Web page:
- Refuse Drinks You Don’t See Being Made. Drugging and robberies occur occasionally, so if a bartender offers you a drink but makes it out of sight, then refuse it since you don’t know what was mixed in. Only accept drinks you’ve watched them make.
- Stay Away from Demonstrations. Demonstrations and protests around Cairns occur for various reasons, so it’s always better to steer clear as they can become violent instantly. Remember, this isn’t your city, country, or fight, so let others handle this while you enjoy your vacation.
- Swim Between the Yellow and Red Flags. The yellow and red flags indicated where it was safe to swim on Cairns beaches and where the lifeguard was on duty. Also, before traveling to the beach, listen to any local warnings and notice the signs upon arrival. If you’re unclear about the rules or safety for that day, ask a lifeguard if it’s safe. A yellow flag warns of potentially dangerous conditions, while a red flag indicates closed beaches.
- Take Precautions While Hiking. If you’re planning a bushwalk from Cairns, a little planning can go a long way. Ensure you are on a clear route and check in with the local ranger’s station so they are aware of your plans. If you go missing, they will know where to search. Also, avoid hiking on sweltering days and take sturdy shoes, a good map, insect repellent, water, and sun protection.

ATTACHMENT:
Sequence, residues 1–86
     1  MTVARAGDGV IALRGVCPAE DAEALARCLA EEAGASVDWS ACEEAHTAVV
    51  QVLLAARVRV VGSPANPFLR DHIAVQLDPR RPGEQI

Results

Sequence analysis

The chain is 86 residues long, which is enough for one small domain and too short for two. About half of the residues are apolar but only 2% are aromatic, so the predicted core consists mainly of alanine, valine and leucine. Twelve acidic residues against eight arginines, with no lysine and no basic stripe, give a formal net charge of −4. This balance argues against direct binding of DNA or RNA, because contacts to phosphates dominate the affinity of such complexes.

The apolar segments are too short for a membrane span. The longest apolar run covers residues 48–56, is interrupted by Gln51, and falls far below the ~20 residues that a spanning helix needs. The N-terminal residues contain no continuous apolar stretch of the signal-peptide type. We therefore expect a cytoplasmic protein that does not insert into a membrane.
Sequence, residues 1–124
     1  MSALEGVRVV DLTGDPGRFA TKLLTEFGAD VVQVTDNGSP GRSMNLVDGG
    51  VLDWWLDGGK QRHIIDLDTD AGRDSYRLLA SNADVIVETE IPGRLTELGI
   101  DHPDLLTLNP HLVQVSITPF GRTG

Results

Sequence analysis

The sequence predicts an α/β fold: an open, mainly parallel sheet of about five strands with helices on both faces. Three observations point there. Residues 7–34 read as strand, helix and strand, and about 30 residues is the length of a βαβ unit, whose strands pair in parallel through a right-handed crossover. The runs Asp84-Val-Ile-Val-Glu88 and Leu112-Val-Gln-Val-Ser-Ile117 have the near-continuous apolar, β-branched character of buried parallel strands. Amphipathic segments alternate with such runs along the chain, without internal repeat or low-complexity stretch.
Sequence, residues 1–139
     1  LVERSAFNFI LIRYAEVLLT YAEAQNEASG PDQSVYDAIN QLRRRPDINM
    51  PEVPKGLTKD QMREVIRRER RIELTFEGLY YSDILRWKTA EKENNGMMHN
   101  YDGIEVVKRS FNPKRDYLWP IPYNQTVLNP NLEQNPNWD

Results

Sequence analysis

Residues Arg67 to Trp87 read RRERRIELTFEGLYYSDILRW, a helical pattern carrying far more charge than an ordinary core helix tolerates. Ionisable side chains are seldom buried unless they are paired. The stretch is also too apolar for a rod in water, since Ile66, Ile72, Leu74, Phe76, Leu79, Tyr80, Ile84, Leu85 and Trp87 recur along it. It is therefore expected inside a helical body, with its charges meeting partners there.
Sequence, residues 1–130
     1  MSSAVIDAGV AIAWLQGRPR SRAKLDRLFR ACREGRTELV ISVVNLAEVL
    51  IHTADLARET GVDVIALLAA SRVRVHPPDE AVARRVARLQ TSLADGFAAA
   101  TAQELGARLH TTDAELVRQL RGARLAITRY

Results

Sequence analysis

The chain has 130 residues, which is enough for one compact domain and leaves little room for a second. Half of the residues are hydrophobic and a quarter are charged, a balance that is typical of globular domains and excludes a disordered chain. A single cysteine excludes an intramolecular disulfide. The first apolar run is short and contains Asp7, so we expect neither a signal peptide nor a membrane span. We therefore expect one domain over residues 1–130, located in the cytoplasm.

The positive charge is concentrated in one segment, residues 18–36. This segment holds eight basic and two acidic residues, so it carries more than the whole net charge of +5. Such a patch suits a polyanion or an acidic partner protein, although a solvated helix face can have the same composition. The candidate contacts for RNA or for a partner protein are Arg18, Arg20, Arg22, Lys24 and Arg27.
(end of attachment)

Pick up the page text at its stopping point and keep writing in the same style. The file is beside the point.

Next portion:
- Wear Sunscreen. One of the simplest and most overlooked safety tips is to wear sunscreen, as the sun can be powerful in Cairns. Residents and visitors are advised to wear SPF 30 or higher to protect their skin from harmful rays. In addition to wearing sunscreen, always bring plenty of bottled water to remain hydrated.
So... How Safe Is Cairns Really?
Despite the beautiful coastline and tourist sights, Cairns doesn’t have the best reputation in the country for being the safest city.
The crime index is high due to property damage and drug-related incidences.
However, walking in well-lit areas is generally considered safe, so you should still visit.
Just be aware of your surroundings and belongings, don’t venture down any dark streets alone, and use your instincts.
Also, leave the car locked and in well-guarded parking lots without any valuables in sight.
Furthermore, illegal drugs in Australia can cost significant fines, including jail time, and dealing with drug deals can be highly dangerous.